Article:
Re: Problem with element selectors having unicode characters

Dear Yves,

Thank you for the answer.

 From what I understand from the link that you posted is that the 
[\200-\377] range is given as such because it represent the highest 
character number that current versions of Flex can deal with
and actually the range limit should be interpreted as "\4177777".
I'm attaching a CSS file UTF-8 encoded which contains a non-ASCII 
character (U+010D).
In your opinion is this CSS file valid or not? The w3c validator marks 
it as invalid.


Radu Coravu 
<oXygen/> XML Editor, Schema Editor and XSLT Editor/Debugger

Yves Lafon wrote:
> On Mon, 26 May 2008, Radu Coravu wrote:
>> Hi,
>> The CSSParser.jj file declares at line 417 NONASCII as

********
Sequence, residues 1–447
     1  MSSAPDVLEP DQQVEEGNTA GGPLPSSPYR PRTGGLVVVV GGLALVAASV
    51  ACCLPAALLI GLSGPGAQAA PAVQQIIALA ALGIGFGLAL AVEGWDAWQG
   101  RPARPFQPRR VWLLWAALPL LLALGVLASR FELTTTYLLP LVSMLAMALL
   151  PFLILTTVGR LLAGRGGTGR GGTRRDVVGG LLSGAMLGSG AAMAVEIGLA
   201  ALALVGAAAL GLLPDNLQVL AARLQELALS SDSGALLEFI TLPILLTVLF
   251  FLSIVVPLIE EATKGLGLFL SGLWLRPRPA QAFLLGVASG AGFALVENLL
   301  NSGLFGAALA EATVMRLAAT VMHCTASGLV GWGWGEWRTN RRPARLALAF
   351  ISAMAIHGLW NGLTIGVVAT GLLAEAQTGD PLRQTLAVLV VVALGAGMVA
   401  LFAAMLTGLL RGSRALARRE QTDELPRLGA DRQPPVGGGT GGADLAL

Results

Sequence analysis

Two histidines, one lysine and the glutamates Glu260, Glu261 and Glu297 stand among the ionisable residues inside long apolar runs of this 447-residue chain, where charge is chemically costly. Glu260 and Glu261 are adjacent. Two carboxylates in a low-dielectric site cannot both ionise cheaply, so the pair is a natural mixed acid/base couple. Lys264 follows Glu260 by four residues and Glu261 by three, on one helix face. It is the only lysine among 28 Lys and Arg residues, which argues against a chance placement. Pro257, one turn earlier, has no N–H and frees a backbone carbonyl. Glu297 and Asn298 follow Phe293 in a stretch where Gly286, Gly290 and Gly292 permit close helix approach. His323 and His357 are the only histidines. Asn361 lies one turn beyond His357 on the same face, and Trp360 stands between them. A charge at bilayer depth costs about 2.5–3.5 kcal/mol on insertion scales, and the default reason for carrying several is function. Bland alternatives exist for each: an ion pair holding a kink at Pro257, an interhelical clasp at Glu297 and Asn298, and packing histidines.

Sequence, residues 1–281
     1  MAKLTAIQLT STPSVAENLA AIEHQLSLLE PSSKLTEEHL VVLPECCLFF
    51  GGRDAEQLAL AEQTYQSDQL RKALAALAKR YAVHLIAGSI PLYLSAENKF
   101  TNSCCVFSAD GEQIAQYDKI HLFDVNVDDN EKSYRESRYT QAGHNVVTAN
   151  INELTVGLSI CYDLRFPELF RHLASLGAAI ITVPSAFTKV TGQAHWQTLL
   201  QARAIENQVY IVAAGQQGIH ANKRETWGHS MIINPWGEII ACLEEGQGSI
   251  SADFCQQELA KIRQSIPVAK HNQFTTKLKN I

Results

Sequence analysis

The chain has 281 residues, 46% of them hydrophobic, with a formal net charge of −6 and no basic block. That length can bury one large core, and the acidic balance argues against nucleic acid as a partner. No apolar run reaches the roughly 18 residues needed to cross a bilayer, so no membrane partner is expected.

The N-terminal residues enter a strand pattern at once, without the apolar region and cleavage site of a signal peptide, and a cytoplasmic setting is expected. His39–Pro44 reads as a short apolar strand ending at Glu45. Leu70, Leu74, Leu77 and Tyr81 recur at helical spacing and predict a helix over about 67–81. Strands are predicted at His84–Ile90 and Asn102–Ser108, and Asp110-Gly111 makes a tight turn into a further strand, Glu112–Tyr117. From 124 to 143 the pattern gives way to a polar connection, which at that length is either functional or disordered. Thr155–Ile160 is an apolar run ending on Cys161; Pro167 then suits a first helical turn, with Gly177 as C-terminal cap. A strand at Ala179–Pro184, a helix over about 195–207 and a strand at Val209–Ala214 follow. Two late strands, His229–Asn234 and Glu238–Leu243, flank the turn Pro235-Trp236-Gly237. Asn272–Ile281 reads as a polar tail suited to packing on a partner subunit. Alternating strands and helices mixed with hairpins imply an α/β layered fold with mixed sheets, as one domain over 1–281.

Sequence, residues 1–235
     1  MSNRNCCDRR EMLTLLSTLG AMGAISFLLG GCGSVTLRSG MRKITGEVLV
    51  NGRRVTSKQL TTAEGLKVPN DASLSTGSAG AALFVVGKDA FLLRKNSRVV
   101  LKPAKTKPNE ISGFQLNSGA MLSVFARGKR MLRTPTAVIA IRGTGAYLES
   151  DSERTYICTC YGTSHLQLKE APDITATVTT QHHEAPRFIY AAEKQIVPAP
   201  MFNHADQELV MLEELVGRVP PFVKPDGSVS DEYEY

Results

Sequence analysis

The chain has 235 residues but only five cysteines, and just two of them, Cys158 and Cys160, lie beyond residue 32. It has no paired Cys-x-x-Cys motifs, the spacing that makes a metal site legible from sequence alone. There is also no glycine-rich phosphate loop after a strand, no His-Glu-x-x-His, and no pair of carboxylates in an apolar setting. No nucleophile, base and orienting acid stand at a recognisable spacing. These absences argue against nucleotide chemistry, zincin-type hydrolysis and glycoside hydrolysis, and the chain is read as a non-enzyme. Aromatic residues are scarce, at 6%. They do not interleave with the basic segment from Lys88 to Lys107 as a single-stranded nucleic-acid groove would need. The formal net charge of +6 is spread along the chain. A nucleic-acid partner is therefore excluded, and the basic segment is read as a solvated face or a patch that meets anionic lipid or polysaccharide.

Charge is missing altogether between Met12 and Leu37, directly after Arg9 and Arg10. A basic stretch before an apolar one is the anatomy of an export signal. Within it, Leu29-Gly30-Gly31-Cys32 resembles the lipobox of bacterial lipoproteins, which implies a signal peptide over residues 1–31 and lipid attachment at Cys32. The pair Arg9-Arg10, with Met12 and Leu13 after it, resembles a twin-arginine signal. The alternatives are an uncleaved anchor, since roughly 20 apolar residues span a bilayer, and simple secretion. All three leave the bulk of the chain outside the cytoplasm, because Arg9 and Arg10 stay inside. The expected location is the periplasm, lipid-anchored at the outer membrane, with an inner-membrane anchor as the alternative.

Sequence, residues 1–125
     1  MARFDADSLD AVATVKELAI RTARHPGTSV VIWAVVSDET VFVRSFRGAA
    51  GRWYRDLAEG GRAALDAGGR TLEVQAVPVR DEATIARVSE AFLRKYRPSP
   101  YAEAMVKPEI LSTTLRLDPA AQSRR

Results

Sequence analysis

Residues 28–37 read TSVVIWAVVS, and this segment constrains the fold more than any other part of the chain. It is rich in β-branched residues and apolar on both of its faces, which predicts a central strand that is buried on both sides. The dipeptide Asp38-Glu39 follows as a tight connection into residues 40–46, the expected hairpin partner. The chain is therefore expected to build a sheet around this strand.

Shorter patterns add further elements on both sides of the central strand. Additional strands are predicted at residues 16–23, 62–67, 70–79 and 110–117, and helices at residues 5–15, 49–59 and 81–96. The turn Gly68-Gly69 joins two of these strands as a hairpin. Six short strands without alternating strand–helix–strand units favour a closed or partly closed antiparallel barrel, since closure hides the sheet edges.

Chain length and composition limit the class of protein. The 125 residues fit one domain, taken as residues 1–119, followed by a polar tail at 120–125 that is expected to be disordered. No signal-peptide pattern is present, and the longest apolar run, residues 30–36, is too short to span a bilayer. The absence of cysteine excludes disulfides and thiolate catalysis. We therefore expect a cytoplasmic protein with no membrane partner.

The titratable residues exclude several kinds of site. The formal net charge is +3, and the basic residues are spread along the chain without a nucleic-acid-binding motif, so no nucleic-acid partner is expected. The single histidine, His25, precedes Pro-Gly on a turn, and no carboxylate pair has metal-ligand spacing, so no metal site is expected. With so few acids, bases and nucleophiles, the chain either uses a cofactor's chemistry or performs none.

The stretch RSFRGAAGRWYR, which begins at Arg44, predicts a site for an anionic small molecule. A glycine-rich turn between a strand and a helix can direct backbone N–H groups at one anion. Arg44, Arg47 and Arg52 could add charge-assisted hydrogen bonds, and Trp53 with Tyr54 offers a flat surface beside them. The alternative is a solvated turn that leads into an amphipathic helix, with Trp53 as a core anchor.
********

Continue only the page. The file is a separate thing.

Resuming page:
>> ["\200"-"\377"] That does not comprise the whole UNICODE range.
>> It should be something like: ~["\000"-"\177"] This means all non-ASCII.
>> I attached 2 sample files. The CSS contains a Japanese character in a 
>> selector and is marked as invalid by you but a browser has no 
>> problems matching the CSS selector to the element name.
>> Any input on this one?
> Also:
> in 4.1.3:
> In CSS, identifiers (including element names, classes, and IDs in
>        selectors) can contain only the characters [a-z0-9] and ISO 10646
>        characters U+00A1 and higher, plus the hyphen (-) and the
>        underscore (_); they cannot start with a digit, or a hyphen
>        followed by a digit. Identifiers can also contain escaped
>        characters and any ISO 10646 character as a numeric code (see next
>        item). For instance, the identifier "B&W?" may be written as
>        "B\&W\?" or "B\26 W\3F".
>        Note that Unicode is code-by-code equivalent to ISO 10646 (see
>        [UNICODE] and [ISO10646]).
> So the validator tries to stick as much as possible to the definition 
> given by the spec.
> Cheers,

Received on Thursday, 29 May 2008 05:59:38 UTC